Texas Supreme Court Amends Home Equity Foreclosure Rules
by Mark Torabi
On December 30, 2011, the Texas Supreme Court issued its Amended Final Approval of Amendments to Texas Rules of Civil Procedure 735 and 736 governing foreclosure of certain liens, which became effective January 1, 2012.
These rewritten rules include significant new requirements for both the form and contents of the application for order allowing foreclosure of home equity loans, reverse mortgages and home equity lines of credit.
Additionally, the Supreme Court expanded the scope of the rules to include foreclosures of transfer tax, or tax loan liens, as well as certain property owner association assessment liens.
Notable procedural changes also include a new requirement for issuance of separate citations for each respondent and occupant, with service and returns to be completed by the clerk of court. Several key areas affected by the amendments to the rules are highlighted below.
Required Contents of Application and Affidavit
Though applicants have always been required to attach a supporting affidavit with evidence proving up the existence of a default, the rules now specifically require that the application describe or state as of a date not more than 60 days prior to the date the application is filed: 1) number of months in default; 2) amount required to cure the default, and; 3) the amount required to pay off the lien.
If the default is non-monetary, the affidavit must establish the facts creating the default. In addition, documents establishing the lien, including any necessary assignments, must be attached to the affidavit. Finally, legible copies of all required notices and associated proofs of mailing must also be attached to the supporting affidavit.
Whereas under the former rule, it was the applicant who prepared and mailed the required notices to respondents, the clerk of court must now issue separate citations for each respondent named in the application along with a citation addressed to the ‘occupant’ of the property. The clerk of court must serve all citations by regular and certified mail andcomplete a return of service in accordance with Rule 107, except that the return of service need not contain a return receipt.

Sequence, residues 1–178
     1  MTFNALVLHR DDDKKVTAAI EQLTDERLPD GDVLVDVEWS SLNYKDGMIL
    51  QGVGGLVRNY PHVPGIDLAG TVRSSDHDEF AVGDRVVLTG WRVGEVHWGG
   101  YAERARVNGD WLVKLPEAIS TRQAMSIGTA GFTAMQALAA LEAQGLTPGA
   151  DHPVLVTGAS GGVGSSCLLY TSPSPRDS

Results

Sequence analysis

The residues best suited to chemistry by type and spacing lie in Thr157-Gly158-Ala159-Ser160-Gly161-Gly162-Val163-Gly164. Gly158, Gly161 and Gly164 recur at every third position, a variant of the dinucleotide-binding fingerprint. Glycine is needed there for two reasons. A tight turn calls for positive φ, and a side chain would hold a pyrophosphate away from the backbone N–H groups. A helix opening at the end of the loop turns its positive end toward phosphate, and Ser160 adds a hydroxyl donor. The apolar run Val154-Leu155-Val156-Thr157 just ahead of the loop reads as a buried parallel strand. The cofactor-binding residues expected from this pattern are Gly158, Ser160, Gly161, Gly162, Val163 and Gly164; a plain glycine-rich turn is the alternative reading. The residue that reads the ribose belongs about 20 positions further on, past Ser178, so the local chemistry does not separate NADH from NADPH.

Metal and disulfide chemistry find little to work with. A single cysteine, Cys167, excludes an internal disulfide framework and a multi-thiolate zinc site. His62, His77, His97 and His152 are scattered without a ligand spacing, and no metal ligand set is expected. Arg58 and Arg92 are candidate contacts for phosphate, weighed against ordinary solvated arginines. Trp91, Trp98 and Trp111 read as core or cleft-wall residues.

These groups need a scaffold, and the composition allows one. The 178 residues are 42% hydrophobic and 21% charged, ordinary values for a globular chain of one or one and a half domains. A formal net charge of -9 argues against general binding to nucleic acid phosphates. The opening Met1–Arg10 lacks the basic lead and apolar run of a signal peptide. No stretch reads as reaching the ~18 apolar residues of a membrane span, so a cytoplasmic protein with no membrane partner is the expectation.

The new rules have also been expanded to include applications for foreclosure of liens securing tax lien transfer or property tax loans in accordance with Section 32.06 (c-1)(1) of the Tax Code, as well as foreclosure of certain property owner association assessments under Section 209.0092 of the Property Code.
Time Lines for Courts to Act
The new rules provide definitive time lines for courts to act. If a response is filed, the court must schedule a hearing. The hearing must be scheduled no earlier than 20 days, but no later than 30 days after a request for hearing by any party.
However, courts can no longer require a hearing if no response has been filed. Upon the filing of a motion for default, the court must grant the order within 30 days if the application and returns are in compliance with the rules.
Automatic Stay and Dismissal if Independent Suit Filed
Upon the granting of an order allowing foreclosure, the amended rules eliminate the need for respondents to file a last minute temporary restraining order to stop a scheduled foreclosure sale pursuant to a Rule 736 order.
The sale is automatically stayed if respondent files a separate suit putting any matter relating to the application in issue prior to 5:00 p.m. on the Monday before the scheduled foreclosure sale. Any foreclosure sale held after such automatic stay is in place is void. On the other hand, if no order has been signed by the court at the time such suit is filed, the court must dismiss a pending proceeding upon timely motion by the respondent.
In conclusion, the amendments to Rules 735 and 736 place greater emphasis on procedure and timing for both applicants and the courts. Notice procedures have been substantially modified, now requiring issuance of separate citations for each respondent and occupant, with service and returns completed by the clerk of court. Applications must include all documents establishing the lien along with all requisite notices and proof of mailing. Thus, for any applications submitted in conformity with the new rules, both applicants and the courts should be rewarded with a quicker, more efficient, and potentially less costly, application process.
Mark Torabi, of Pite Duncan, LLP, can be reached at firstname.lastname@example.org.